Quantcast

'Saddest Elephant in the World' Wins Freedom, Care After Decades of Chains and Abuse

Animals
Elephant Sanctuary / Twitter

By Katherine Sullivan

Nosey the elephant is getting the fairytale ending she so rightfully deserves.

Last week, Lawrence County District Court Judge Terry declared that Nosey the elephant won't be returned to the people who left her chained and swaying back and forth in her own waste with urinary tract, skin and roundworm infections as well as painful osteoarthritis and signs of dehydration and malnutrition.


Our campaign for Nosey started in 2004, when a whistleblower reported that she was being routinely abused with bullhooks and electric prods. Over the years, we persuaded venues not to host performances with the suffering elephant, persuaded authorities to bar Hugo Liebel's elephant act, worked with elephant experts, engaged members of Congress and obtained celebrity support in favor of her release to an accredited sanctuary where her needs could be met properly.

We thank local authorities for initiating this course of events and everyone who worked to keep Nosey away from Liebel—the man who used chains and intimidation in order to force her to give rides for decades.

The Road to Justice Was a Long One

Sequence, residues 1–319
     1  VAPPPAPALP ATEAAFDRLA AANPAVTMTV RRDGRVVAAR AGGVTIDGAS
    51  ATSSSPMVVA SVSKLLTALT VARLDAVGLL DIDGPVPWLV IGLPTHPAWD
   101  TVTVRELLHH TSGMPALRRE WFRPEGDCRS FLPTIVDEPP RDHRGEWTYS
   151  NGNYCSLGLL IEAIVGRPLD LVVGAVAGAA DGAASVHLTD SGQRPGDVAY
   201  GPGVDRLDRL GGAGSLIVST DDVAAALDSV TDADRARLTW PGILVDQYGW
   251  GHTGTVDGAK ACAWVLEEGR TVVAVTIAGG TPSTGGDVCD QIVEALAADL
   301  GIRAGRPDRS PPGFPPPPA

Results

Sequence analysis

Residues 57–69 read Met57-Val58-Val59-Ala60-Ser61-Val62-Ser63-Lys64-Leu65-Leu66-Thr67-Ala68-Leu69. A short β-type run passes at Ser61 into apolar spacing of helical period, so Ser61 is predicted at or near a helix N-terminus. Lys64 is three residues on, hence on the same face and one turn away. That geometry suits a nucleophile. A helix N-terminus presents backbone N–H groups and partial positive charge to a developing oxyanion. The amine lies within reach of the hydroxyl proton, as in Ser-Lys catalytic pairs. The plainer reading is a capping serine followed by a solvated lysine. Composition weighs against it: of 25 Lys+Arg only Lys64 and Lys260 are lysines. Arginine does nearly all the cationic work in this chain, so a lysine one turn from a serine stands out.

Prior to Nosey's seizure, Liebel had been cited by the U.S. Department of Agriculture for nearly 200 animal welfare violations. Most of these citations were related to his mistreatment of Nosey, including repeatedly chaining her so tightly she could barely move and denying her necessary veterinary care. This cruelty had been occurring for decades.

On Nov. 8, Lawrence County District Court Judge Angela Terry issued a writ of seizure after Animal Control Officer Kimberly Carpenter—who could be described as Nosey's guardian angel—found the elephant confined to a trailer at a truck-repair shop where the Liebels were reportedly having their brakes fixed. She was standing in feces and without proper shelter. The trailer that she was confined to was so small that Nosey couldn't take a step or turn around.

On Nov. 9, Judge Terry held a hearing to determine whether the seizure should stay in place. After the hearing, she ordered animal control to "make arrangements as necessary for the housing and care" of Nosey. That night, she was transported to the Elephant Sanctuary in Tennessee.

At the sanctuary, Nosey was given the care and protection she deserved all along. When she arrived, the staff was waiting for her with welcome presents: fresh produce, bamboo and banana leaves. The veterinary and husbandry teams carefully monitored her throughout the night and reported that Nosey was calm and already showing interest in her new surroundings at the lush green refuge. The Elephant Sanctuary has continued to provide updates about Nosey on its website, as well as through its Facebook, Instagram and Twitter accounts.

On Dec. 15, a trial was held to determine whether the seizure should be made permanent. Key testimony came from expert witness Lydia Young, associate veterinarian at the Elephant Sanctuary. She testified that Nosey had arrived at the sanctuary showing signs of dehydration and that she had been underfed.